An interview with the author David Bajo, on his new novel Panopticon: “I’ve always been fascinated by the idea of privacy, especially how our society constantly seeks ways to invade it technologically, how we consistently undermine it by happily participating in digital omniscience, yet how we are outraged by the pain that technology and that desire sometimes cause.”
Out this week: The Immortal Evening by Stanley Plumly; Last Winter We Parted by Fuminori Nakamura; Bathing the Lion by Jonathan Carroll; Sometimes the Wolf by Urban Waite; Splitting an Order by the former Poet Laureate Ted Kooser; Limonov by Emmanuel Carrère; and The Heart Is Strange by John Berryman, which I wrote about as part of our Great Second-half 2014 Book Preview.
The new issue of The New York Review of Books is out. A highlight, as usual, is Michael Wood, who does a better job than we did with Inherent Vice. But those of us on this side of the pay wall will have to make do with Lorrie Moore‘s intriguing essay on Clarice Lispector.
Measuring a writer’s success is tricky. An author might make The New York Times Bestseller List now but only be a footnote in an encyclopedia a century later. At The Guardian, D.J. Taylor wonders what contributes to a writer’s posterity and concludes a pushy publisher or sponsor is often a writer’s best asset. Pair with: Our essay on how John Updike fans attempt to maintain his reputation.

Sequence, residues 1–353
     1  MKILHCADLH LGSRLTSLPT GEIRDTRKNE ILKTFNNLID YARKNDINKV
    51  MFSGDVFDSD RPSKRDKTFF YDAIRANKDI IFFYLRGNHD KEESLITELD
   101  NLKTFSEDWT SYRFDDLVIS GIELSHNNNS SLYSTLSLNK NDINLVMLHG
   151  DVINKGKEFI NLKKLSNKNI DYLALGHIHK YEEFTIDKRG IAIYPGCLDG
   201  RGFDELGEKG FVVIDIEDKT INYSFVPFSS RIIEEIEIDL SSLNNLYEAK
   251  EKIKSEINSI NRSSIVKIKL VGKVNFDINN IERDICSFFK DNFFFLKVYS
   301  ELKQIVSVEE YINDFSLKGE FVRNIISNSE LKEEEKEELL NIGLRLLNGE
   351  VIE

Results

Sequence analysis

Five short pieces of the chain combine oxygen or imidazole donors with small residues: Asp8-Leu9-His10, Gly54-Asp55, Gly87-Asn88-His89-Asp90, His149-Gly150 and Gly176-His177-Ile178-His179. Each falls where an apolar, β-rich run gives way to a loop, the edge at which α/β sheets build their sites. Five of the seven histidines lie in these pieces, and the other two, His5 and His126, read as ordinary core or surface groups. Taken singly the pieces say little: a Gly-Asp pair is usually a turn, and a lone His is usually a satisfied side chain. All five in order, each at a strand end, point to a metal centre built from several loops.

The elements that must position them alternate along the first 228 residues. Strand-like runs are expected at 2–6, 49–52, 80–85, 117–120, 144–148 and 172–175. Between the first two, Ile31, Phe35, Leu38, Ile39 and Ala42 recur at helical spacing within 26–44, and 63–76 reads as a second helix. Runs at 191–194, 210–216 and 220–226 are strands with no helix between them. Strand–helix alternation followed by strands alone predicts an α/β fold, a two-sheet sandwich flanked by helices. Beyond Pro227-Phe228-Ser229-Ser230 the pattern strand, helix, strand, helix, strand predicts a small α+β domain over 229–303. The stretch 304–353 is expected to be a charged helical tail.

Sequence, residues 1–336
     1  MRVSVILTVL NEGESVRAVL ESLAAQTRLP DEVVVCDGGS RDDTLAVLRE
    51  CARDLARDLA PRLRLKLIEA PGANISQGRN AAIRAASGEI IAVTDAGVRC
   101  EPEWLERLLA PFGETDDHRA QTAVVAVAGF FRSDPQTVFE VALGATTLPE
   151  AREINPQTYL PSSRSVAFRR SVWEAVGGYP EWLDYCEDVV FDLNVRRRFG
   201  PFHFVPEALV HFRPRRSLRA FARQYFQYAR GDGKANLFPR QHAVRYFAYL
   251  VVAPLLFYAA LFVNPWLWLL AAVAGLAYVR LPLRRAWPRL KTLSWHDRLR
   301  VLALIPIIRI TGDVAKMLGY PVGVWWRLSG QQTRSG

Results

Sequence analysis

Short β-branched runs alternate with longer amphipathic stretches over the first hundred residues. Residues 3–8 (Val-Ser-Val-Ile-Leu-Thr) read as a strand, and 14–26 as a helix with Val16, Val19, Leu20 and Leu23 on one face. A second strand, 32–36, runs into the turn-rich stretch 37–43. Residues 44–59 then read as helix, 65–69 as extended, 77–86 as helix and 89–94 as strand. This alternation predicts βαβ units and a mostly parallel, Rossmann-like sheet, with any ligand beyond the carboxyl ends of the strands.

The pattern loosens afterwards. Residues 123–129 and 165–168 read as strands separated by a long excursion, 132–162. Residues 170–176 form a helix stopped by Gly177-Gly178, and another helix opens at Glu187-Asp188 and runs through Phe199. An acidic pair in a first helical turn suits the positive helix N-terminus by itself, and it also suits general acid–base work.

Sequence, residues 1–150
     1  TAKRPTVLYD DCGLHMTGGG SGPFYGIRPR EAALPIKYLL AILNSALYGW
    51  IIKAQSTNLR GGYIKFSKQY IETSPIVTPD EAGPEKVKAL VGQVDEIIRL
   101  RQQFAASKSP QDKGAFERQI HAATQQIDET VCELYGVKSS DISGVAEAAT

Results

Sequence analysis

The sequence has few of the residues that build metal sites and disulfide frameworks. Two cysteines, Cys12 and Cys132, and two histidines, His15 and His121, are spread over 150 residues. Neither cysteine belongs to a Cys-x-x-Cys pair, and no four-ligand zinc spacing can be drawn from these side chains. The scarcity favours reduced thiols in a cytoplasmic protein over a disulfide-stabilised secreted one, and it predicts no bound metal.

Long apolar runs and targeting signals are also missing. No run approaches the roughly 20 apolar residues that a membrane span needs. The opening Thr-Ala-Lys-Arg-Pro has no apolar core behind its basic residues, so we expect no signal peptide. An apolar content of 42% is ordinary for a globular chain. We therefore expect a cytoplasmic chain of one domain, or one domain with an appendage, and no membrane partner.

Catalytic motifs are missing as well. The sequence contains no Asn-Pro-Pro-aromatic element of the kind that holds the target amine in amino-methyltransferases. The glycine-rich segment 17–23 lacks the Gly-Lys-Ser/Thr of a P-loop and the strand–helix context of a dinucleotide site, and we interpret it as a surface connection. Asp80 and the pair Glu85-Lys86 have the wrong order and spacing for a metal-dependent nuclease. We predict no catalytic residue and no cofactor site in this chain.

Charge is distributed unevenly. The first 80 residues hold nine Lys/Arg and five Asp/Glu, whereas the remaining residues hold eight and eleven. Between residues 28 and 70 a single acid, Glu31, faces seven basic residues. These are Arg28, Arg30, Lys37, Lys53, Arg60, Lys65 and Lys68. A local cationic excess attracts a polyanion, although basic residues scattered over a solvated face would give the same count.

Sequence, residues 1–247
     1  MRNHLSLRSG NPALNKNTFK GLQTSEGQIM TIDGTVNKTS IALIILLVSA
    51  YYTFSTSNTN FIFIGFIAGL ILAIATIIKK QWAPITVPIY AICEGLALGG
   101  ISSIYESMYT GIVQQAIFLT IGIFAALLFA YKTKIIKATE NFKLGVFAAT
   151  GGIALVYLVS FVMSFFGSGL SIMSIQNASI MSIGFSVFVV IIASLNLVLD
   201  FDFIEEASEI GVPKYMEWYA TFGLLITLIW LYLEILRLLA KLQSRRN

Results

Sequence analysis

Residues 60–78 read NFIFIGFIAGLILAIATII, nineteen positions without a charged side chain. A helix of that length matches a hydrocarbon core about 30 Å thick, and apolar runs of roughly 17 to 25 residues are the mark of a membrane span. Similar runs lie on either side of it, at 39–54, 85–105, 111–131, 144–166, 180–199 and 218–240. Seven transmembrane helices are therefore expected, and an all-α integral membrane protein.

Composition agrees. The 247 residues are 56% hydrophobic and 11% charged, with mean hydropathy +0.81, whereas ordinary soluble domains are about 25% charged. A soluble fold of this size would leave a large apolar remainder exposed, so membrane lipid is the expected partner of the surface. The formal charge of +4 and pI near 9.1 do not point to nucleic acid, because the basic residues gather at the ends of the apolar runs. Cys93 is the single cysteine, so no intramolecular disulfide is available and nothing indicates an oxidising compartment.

Some folks were abuzz this week about the release of all 47 endings to Ernest Hemingway’s novel A Farewell to Arms. That kind of commitment to a single story is impressive, and illustrates the author’s dedication to his work, but as Andrew O’Hagan points out in the London Review of Books, Big Papa loved no story so much as his own.